A few months ago, I read Fred Ritchin´s book : “After Photography” of (I wrote a post about it). In that book, Ritchin was interested on the possibilities that digital technology could bring into photojournalism. He set the example of a project he did with photographer; in this project, they put the photos of the second “in context”, meaning that they told the story of how each photo was taken, linked with each other to give more information about the images.
A couple of days ago, I saw Standard Operating Procedure, a magnificent documentary of the filmmaker Errol Morris (which by the way you can see it online), the film is an amazingly well done account of the history of the torture photos of Abu Ghraib. It takes, somehow, Ritchin´s premise about the possibilities of digital photography, since the people who are the main characters in the documentary, are precisely the people who made the photos. While the film is just good enough as a documentary, my point is about the discussion between realism and digital photography. In the 90´s, there were several voices talking about how digital technology will end forever the accurate representation of reality that was one of the main characteristics of photography. Some talked about “post-photography”, and some even said “photography was dead“. Although the debate seem less important in the current agenda on photography, at the same time, the pervasiveness and wide use of photography had opened new paths for “realism”.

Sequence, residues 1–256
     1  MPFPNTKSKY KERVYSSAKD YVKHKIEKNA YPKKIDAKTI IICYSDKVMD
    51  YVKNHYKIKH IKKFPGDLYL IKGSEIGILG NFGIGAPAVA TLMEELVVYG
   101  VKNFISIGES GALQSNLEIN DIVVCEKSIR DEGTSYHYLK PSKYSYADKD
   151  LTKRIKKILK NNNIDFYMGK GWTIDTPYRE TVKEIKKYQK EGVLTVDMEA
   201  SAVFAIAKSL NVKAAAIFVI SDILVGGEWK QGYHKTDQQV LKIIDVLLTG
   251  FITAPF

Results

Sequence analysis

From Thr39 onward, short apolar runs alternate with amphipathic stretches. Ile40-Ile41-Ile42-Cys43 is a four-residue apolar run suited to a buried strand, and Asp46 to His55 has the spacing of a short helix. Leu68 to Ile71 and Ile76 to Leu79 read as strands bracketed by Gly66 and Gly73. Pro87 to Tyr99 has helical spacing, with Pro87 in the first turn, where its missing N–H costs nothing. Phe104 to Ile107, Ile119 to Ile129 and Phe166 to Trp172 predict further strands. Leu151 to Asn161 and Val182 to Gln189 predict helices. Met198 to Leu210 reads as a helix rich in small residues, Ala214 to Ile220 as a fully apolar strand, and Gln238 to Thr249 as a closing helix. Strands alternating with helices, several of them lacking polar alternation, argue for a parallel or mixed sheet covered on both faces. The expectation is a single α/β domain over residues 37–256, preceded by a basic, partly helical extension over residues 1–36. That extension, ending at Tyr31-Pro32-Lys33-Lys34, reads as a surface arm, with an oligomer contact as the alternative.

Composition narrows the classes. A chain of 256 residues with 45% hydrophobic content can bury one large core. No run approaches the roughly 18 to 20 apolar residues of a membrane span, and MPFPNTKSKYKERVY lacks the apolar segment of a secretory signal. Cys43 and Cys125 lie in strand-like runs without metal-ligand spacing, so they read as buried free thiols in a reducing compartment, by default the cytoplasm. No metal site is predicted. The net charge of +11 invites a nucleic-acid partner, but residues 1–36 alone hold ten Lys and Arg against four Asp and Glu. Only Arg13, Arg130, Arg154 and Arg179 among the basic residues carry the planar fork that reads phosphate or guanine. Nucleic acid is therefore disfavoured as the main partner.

Susan Sontag, one of the main contemporary thinkers on photography, wrote a text about these photos that begins with the statement: “Photographs have an insuperable power to determine what we recall of events”, therefore, she continues: Abu Ghraib´s photos were going to be what people will recall of Iraq war. Since: “the horror of what is shown in the photographs cannot be separated from the horror that the photographs were taken”, it becomes very relevant the fact that the photos were not shoot by professional photo-journalism but the actual soldiers in charge of the prison that were doing snapshots of their everyday life. Morris documentary takes us to the “context” of how, when, and why those photos were taken. In front of the “dead of realism”, announced by several “thinkers”, the snapshots of the digital era reminds us that reality will probably be still photographed. I’ll keep a quote of the military researcher of the photos: “Photographs are what they are. You can interpret them differently, but what the photograph depicts is what it is”